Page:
Friday, 19 September 2014

Scottish Independence Referendum: six reflections


So it wasn't "neck and neck" after all, but a fairly substantial majority, 55% to 45%*, for remaining in the United Kingdom.  Nevertheless, Alex Salmond is to be congratulated on two massive achievements:
  • initiating a debate which encouraged nearly 85% of the electorate to turn out and vote;
  • placing devolution for the whole UK, including England, firmly on the political agenda, something the Liberals/Liberal Democrats have been trying, but failing, to do for much longer than the half century that I've been a member.
The campaign has raised some interesting questions.

1.  Salmond was clever in obtaining the right to pose the question, and he rightly chose the one: "Should Scotland be and independent county?" to which the answer was Yes.  Both psychologists and psephologist tell us that, whatever the question, people are more likely to vote Yes than No.    Had the question been : "Should Scotland remain in the United Kingdom?" then the majority for remaining in the Union would probably have been even greater.

This has profound implications for any referendum on our place in  Europe.  "Should Britain remain in the European Union?" is more likely to produce the answer to keep us where our future really lies, than, "Should Britain leave the EU?"  Let's hope Cameron or his replacement  is a bit more alert if and when Tory/Ukip mavericks force such a referendum on us.

2. Salmond complains that the Scots were bullied by the Westminster establishment into voting No.  However it is my belief that the aggressive and often baseless threats of the No campaign actually helped the Yes campaign.  Certainly had I been a Scot I should have been jolted into a Yes vote by the patronising and self satisfied emanations from the rUK.   The visit of the three Westminster party leaders would have been a particularly turn-off.  They seemed mainly  concerned with their own international prestige and fear of the humiliation a Yes vote would bring.  John Major's intervention, on a Radio 4 broadcast, was particularly revealing: we might lose our seat on the Security Council, our  influence in NATO and in the EU  would be diminished, we must hang on the Trident at all costs.  None of it  much to do with how best to govern Scotland.

3.  Salmond wanted the option of Devo Max (home rule) on the ballot paper and Cameron turned this down, presumably judging that with only the "all or nothing" options the status quo would win easily.  When this judgement appeared so badly wrong Cameron's offer of Devo Max in the event of a No vote is a particular humiliation for him. Neither he nor the other two party leaders who supported the last minute capitulation appear to have consulted their parties on the matter.  Given the eventual result the bribe was probably unnecessary, and, by guaranteeing the continuation of the Barnett formula, which results  a higher level of public spending per head in Scotland than in Wales or England, along with  legislation before next spring, this panic measure has unnecessarily tied the hands of whatever body is set up to hammer out the details of devolution the the rest of the UK.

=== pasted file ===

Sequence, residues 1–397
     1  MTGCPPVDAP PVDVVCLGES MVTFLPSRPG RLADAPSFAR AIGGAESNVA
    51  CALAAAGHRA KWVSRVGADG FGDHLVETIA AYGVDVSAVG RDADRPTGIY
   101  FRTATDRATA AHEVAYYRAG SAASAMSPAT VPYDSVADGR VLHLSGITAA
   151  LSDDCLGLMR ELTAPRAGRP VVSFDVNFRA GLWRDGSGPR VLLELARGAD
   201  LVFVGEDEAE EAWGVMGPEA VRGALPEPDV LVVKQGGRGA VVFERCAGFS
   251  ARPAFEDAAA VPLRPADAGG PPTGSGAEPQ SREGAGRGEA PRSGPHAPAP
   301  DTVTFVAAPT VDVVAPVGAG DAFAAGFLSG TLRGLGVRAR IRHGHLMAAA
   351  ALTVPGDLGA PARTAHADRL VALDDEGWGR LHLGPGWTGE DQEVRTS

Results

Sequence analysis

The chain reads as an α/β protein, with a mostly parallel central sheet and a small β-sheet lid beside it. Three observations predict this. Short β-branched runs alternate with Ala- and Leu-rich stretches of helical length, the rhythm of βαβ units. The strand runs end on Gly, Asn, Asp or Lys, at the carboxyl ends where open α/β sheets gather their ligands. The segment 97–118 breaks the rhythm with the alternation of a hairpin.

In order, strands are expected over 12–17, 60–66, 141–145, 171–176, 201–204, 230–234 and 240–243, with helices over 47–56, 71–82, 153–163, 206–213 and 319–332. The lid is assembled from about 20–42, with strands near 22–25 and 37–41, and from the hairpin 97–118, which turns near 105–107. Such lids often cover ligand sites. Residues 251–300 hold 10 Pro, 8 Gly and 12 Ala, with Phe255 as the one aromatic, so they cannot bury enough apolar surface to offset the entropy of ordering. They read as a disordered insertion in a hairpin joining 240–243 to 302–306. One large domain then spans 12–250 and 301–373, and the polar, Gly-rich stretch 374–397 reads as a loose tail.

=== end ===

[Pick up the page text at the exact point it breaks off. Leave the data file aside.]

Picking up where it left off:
4. Devolution of power from Westminster to the nations and English regions is  a complex matter which merits careful consideration, consultation, and examination of how other countries deal with the matter.  The last minute offer of Devo Max to Scotland has pre-empted this, and we shall be lumbered with a piece-meal solution which will probably result in almost as many anomalies as the present hotch-potch.  My own preference would be:

  • Devolution to Wales, Northern Ireland and, say, eight regions of England  on similar lines to what is offered to Scotland.  I prefer the existing economic regions of England to the city regions which have suddenly become topical, as I believe the former will provide a better balance between the needs of rural and urban areas.
  • A Council for England, sited in York, to deal with matters of English law and other truly national domestic issues (eg trunk roads, main-line railways, national parks, environmental issues.)  This could be a fairly minor body and might even be indirectly elected from the regional assemblies.
  • A  Westminster parliament to deal with foreign policy, defence, the currency, the meteorological office, national broadcasting, relations with the UN. EU and other international bodies, with the necessary taxation to support these functions and to provide equalisation grants to the nations and regions.
The above is just a proposal for starters. It is a complex issue, needs a lot of thought, and should not be rushed.